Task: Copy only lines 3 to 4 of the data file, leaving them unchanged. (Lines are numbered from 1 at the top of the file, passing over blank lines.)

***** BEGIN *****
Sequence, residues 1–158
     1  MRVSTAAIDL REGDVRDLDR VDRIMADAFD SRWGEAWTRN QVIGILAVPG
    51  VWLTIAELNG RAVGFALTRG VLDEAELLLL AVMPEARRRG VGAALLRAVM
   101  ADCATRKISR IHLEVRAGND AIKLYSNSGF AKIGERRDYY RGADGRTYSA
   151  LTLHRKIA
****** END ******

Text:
    51  VWLTIAELNG RAVGFALTRG VLDEAELLLL AVMPEARRRG VGAALLRAVM
   101  ADCATRKISR IHLEVRAGND AIKLYSNSGF AKIGERRDYY RGADGRTYSA